Have you ever skied off a trail because the view was so stunning? In my case, I’m thankful there are no trees at 10,000 feet in Switzerland because I likely would have run into one while staring at the Matterhorn. Despite the number of times I’d been to Switzerland, I’d somehow never visited Zermatt. My cousin from Thun and I took the train after work on a Friday, switching three times until we arrived at the dead end of a valley: Zermatt.
Zermatt is unique in that it doesn’t allow any cars, instead small electric taxi-buses silently roam the narrow streets and horse drawn carriages parade by wary pedestrians. Although we arrived late at night, the town was still bustling with people and the bars were open and lively. How different from most Swiss towns. As we walked through town, I could see cliffs on either side of the town, but the tops faded into the black of the night and there was no sign of the Matterhorn. That changed in the morning when I looked out from the breakfast table to a clear view of Matterhorn as it turned from grey to pink in the rising sun.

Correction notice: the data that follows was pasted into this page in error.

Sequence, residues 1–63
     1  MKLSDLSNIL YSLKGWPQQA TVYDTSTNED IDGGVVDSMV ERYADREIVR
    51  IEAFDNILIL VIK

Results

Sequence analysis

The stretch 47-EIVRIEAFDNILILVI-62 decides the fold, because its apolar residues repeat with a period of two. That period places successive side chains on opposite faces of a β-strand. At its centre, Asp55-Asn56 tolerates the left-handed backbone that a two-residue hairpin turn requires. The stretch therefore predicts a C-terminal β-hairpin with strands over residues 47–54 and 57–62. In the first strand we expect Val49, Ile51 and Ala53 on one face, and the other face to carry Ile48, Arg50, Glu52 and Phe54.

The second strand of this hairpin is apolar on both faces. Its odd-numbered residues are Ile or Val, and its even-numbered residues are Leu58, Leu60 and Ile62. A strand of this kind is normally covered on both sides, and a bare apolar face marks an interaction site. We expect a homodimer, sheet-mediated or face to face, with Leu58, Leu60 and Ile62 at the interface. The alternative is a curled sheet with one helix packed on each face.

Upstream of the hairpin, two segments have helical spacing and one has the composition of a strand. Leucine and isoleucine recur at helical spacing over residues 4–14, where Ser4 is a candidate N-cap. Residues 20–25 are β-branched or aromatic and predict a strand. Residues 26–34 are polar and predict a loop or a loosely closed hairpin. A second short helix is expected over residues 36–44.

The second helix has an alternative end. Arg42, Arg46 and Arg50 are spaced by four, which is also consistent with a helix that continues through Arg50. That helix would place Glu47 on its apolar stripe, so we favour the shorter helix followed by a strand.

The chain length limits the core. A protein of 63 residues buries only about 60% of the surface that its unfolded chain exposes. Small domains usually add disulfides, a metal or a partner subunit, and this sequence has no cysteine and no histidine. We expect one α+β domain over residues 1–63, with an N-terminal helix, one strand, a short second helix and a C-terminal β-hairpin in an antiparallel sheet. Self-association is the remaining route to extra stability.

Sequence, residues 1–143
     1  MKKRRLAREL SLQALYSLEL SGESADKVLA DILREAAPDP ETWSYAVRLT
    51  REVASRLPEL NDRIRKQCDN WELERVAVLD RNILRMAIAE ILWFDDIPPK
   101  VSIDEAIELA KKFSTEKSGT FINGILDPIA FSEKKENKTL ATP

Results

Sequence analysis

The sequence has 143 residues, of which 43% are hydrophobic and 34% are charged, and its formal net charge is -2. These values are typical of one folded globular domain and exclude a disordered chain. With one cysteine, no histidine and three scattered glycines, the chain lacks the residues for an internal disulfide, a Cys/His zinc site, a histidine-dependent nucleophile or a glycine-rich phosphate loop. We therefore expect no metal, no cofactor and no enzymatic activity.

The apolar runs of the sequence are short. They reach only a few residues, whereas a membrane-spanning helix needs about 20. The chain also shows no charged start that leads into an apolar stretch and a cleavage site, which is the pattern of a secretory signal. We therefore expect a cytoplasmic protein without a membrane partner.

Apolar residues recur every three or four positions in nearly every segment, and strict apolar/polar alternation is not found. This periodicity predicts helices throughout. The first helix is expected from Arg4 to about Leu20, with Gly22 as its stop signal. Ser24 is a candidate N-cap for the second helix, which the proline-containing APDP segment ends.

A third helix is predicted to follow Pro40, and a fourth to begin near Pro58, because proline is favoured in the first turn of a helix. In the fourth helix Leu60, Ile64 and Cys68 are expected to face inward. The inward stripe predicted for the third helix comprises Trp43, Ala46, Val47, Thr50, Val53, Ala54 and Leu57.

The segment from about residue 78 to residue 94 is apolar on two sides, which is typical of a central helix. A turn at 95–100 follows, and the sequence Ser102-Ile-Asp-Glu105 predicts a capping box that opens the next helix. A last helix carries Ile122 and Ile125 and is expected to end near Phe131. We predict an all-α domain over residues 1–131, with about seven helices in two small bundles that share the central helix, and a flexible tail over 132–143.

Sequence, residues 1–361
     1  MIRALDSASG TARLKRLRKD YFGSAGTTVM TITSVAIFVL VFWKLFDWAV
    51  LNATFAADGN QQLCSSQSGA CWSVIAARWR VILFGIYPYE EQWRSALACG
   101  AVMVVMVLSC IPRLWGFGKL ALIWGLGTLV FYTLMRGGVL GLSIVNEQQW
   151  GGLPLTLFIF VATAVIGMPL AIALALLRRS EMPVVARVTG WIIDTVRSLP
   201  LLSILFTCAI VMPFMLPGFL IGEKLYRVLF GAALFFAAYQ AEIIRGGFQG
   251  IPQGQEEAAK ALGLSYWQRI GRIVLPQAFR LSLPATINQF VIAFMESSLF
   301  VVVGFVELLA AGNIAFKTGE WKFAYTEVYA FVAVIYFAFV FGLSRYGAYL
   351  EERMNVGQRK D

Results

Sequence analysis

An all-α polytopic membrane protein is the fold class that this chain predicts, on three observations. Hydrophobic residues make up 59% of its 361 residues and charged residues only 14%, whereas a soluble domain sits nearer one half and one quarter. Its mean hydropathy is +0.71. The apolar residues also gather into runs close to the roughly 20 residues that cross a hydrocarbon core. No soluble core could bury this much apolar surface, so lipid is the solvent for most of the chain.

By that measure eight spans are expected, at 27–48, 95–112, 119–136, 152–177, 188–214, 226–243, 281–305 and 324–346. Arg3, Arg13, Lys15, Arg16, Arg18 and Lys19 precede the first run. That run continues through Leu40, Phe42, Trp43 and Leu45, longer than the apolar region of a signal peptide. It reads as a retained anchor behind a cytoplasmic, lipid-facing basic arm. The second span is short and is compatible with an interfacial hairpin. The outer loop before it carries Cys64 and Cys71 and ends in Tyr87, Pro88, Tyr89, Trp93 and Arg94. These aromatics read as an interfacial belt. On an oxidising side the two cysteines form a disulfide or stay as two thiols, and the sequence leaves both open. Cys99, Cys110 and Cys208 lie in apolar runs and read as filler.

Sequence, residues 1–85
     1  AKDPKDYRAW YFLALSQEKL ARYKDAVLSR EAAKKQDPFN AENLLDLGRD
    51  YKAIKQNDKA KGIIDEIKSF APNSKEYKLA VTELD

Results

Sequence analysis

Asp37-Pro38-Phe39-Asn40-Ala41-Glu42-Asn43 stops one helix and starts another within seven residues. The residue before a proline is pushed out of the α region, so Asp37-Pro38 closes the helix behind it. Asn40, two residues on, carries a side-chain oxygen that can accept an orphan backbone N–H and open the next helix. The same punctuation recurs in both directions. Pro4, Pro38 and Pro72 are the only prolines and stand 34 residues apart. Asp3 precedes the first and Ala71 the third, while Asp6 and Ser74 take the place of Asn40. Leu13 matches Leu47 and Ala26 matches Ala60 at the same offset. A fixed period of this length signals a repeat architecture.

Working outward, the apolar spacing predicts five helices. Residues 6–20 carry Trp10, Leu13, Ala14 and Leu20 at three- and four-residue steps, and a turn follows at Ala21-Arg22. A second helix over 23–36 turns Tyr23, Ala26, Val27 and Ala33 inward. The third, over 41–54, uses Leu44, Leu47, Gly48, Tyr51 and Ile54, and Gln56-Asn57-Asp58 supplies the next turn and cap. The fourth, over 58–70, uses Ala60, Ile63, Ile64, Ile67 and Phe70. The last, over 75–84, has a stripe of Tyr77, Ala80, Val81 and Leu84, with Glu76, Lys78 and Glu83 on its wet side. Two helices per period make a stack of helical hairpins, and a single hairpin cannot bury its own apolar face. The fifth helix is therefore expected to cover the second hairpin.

In full transparency, I spent as much time skiing as I did photography the Matterhorn at different angles. Everywhere you went on the slopes there was a clear view of the mountain—sticking up like thumb among the others. The day was clear and sunny, so we had unimpeded views of the mountains for the full day of skiing. Lunch was Milano pizza at the top of the Rothorn and après ski was a glass of white wine before the final ski run down into town.
After the day in Zermatt, I enjoyed a raclette dinner in Thun with my cousins and fell asleep dreaming of Toblerone. The next day was an adventure into Bern, a town that despite the rain can be enjoyed thanks to the medieval overhangs lining the streets. We hiked over 200+ steps to the top of the tallest church spire in Switzerland in the Bern Cathedral (Bern Minster), the winding stairs and peepholes were enough to make even a person not afraid of heights second guess their decision. The view from the top was worth it though, and the journey back down included secret rooms and views of the centuries old church bells. After some hot chocolate and a mandelgipfel (almond croissant), I was back on the short train ride home to Basel.